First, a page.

IAG has formally launched its €2.7 billion rights issue. In doing so the group has provided an update on its capacity plans for the rest of the year and the restructuring of its airlines.
As is usual for updates to investors from IAG these are very matter of fact and only include plans that have actually been decided, and not any measures that may be under consideration – the rights issue was itself was denied until the official announcement.
IAG has also only given information on bookings and capacity plans at a group level. It’s a given that Iberia and Vueling benefit more from a recovery in short-haul travel than BA, which is more exposed to corporate and long-haul travel.
After new bookings collapsed almost entirely in April and May, they returned to 30% of prior year levels in June.
As IAG has previously indicated, the strongest recovery was in domestic bookings (primarily Spain), then short-haul, with long-haul some way behind.
New booking activity is said have levelled off in July. Short-haul bookings have fallen slightly following the decision by the UK government to introduce mandatory quarantine measures and other European governments also introducing a mandatory quarantine on passengers returning from Spain.
As expected, long-haul bookings remain significantly depressed due to travel restrictions. However, it is said that they have improved slightly since mid-August.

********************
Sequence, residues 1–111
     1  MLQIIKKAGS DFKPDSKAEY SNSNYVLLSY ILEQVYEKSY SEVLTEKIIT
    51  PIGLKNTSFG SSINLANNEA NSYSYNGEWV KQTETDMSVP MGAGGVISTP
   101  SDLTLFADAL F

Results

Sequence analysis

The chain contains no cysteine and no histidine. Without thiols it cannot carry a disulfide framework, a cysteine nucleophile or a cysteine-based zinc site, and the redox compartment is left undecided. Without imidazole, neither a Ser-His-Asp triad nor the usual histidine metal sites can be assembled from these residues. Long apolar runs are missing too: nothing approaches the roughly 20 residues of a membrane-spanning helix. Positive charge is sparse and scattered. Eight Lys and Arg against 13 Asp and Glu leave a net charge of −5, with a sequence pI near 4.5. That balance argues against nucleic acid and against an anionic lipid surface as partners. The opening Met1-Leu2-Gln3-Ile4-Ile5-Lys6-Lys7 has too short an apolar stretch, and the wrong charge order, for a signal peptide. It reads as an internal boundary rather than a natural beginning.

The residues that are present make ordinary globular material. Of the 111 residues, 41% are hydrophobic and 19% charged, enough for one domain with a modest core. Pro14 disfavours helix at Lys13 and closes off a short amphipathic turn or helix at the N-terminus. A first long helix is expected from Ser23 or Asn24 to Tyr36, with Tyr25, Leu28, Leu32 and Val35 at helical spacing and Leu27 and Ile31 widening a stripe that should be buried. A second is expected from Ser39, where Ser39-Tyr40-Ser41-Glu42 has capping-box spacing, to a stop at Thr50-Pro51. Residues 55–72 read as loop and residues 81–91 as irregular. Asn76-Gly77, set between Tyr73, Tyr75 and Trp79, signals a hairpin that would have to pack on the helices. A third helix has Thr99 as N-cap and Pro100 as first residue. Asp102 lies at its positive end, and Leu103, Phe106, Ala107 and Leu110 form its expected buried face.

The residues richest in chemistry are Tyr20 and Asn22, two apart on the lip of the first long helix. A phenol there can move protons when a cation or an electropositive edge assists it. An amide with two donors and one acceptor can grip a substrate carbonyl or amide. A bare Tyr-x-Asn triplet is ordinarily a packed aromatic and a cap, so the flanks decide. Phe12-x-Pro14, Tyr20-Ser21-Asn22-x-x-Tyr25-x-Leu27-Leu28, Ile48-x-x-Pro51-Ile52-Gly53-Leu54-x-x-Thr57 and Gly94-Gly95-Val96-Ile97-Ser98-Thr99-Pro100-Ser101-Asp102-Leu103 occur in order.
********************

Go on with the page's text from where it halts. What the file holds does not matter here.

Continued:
Many airlines have said that significant pent-up demand is released when travel restrictions are lifted.
As measured in Available Seat Kilometres (ASK), capacity in the 3rd quarter of 2020 has been reduced by 78% compared to 2019.
In the 4th quarter of 2020, IAG plans to reduce capacity by 60% compared to 2019. These are larger reductions than IAG set out at the end of July:
Overall capacity in 2020 is expected to be 63% lower than 2019. In 2021, current plans are that capacity will be reduced by 27%. This is of course subject to change.
In IAG’s “downside” planning scenario for deciding on the size of rights issue, it has assumed a worst case scenario of a 66% reduction in capacity for 2020 and a 35% reduction in 2021.
Given the significant uncertainty on the lifting of travel restrictions and the availability of a vaccine for COVID-19, if travel restrictions remain in place in to 2021, IAG will have to raise further funds.
As at 31 August 2020, IAG had total liquidity of €7.6 billion.
This comprised of €5.8 billion of cash, cash equivalents and interest-bearing deposits and €1.8 billion of undrawn and committed general and aircraft facilities.
This compares to total liquidity of €10 billion at 30 April 2020 and €8.1 billion at 30 June 2020:
British Airways is expected to reduce its headcount by up to 13,000 employees.
By the end of August, 8,236 employees had left the airline. This was mostly by way of voluntary redundancy.
IAG says has BA has reached agreements with pilots, engineers and Heathrow customer service staff. An agreement in principle has been reached with Unite for Heathrow based cabin crew and a consultative ballot is expected to start shortly.
Other consultation discussions are said to be continuing with Heathrow ground handling and cargo operations staff, UK Contact Centre employees and Gatwick based cabin crew.
The next major update from IAG should be at its third quarter results presentation on 30 October 2020. It’s not known whether its annual Capital Markets Day is going ahead this year.